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My intentions for this residency had been to be absorbed by the Icelandic culture and be inspired by these new surroundings. I wasn’t prepared for the impact this would eventually have on me.

It didn’t take long to settle in to the Textile Centre in Blonduos, our new home for one month and it didn’t take long for me to become inspired. Although initially my motivation came from the incredible land formations it became clear I had a need to reflect the feelings I was experiencing. The astounding feeling of space with the spectacular endless landscape had to be expressed. I set to work on a piece that reflected this continuous impression. I wanted to involve all the colours around me, the volcanic sand and sea, glacial rivers and valleys, lava fields, mountains, farmlands and plant life.

During my stay I read the book ‘Burial Rites’ by Hannah Kent about the last woman to be put to death in Iceland after being accused of murder. It was a very haunting and descriptive book on rural life in north Iceland in the 1800’s. This furthered my understanding of the Icelandic culture and the changing nature of the landscape throughout the seasons.

From all this inspiration I created ‘Continual’, a piece using a wrapping technique with mostly Icelandic materials, including fish leather, horse hair, sheep fleece and many balls of Icelandic wool.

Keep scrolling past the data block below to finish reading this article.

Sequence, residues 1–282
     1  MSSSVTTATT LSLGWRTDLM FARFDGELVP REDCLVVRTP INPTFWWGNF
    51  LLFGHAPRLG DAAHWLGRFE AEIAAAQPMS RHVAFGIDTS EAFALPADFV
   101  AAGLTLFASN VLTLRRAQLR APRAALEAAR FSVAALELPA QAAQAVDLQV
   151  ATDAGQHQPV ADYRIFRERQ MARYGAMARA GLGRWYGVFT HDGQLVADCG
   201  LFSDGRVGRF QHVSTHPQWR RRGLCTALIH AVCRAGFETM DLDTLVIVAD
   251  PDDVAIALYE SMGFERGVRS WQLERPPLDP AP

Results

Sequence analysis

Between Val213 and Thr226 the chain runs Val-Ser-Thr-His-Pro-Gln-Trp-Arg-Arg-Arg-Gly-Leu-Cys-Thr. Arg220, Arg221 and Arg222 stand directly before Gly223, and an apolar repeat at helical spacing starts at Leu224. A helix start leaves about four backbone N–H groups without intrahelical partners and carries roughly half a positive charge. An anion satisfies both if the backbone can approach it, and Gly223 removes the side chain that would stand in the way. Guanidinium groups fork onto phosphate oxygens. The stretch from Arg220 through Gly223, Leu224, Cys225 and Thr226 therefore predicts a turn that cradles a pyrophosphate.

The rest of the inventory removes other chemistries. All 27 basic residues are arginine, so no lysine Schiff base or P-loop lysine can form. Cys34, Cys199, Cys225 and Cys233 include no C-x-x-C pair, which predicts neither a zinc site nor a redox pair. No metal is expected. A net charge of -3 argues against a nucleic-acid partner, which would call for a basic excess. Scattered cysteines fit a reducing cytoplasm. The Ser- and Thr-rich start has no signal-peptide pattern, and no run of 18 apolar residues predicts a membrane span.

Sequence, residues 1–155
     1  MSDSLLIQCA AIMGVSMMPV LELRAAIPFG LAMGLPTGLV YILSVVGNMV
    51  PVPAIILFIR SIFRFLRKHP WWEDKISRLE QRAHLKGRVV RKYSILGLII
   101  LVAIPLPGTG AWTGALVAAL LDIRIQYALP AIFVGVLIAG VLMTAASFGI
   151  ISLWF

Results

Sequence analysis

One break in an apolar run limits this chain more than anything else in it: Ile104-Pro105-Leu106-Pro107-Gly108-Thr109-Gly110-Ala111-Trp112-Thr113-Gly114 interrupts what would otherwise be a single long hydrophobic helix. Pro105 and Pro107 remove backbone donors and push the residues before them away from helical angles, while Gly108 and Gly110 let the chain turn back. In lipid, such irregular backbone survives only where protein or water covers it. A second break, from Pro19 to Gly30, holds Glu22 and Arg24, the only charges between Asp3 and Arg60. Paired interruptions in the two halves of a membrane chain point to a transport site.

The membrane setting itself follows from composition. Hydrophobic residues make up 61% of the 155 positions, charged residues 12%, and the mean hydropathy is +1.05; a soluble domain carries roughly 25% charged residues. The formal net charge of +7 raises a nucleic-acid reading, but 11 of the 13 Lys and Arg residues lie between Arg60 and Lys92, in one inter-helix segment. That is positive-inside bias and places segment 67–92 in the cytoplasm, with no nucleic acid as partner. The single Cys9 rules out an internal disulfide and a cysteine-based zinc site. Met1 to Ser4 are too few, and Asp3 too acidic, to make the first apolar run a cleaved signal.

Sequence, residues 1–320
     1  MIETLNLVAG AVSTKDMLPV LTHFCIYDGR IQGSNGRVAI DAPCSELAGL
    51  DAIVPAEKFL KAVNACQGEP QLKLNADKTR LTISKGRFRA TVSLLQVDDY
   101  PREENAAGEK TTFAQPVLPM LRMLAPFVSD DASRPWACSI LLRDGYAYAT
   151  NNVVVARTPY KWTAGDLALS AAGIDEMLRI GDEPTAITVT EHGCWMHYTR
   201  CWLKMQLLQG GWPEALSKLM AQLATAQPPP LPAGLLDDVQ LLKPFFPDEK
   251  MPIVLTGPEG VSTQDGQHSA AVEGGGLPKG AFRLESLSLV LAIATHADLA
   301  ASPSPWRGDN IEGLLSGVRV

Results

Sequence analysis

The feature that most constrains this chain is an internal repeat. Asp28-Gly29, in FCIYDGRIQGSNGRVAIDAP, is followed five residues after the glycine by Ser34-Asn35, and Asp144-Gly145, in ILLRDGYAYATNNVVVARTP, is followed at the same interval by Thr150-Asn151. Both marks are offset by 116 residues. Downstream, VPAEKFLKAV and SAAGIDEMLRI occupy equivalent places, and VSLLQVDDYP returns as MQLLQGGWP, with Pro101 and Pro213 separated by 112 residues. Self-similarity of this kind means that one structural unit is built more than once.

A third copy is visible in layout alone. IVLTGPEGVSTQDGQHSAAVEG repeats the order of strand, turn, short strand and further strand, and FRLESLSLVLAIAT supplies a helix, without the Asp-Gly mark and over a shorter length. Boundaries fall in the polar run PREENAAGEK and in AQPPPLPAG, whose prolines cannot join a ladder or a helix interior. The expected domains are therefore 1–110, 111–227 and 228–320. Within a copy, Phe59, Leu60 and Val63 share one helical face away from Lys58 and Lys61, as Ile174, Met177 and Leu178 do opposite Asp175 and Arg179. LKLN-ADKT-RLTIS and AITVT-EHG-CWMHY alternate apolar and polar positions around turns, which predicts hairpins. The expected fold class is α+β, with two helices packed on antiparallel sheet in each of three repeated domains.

I felt I needed to take this piece to the beach where my feelings of space had been reinforced. So, on our last day after exhibiting it as a vertical hanging I stretched it out along the shoreline and took lots of photographs. Both these ways of displaying it were in contrast to each other but both expressed this feeling of a never ending space.

Unfortunately, Just as I am working out how to express my thoughts it is time to go home and I can’t help feeling I need more time. The work will obviously continue and hopefully develop from my memories of this unforgettable place. I have discovered a new appreciation for nature and am very excited to expand my knowledge, particularly with natural plant dyeing experiments to help express the essence of the landscape.

Tara Kennedy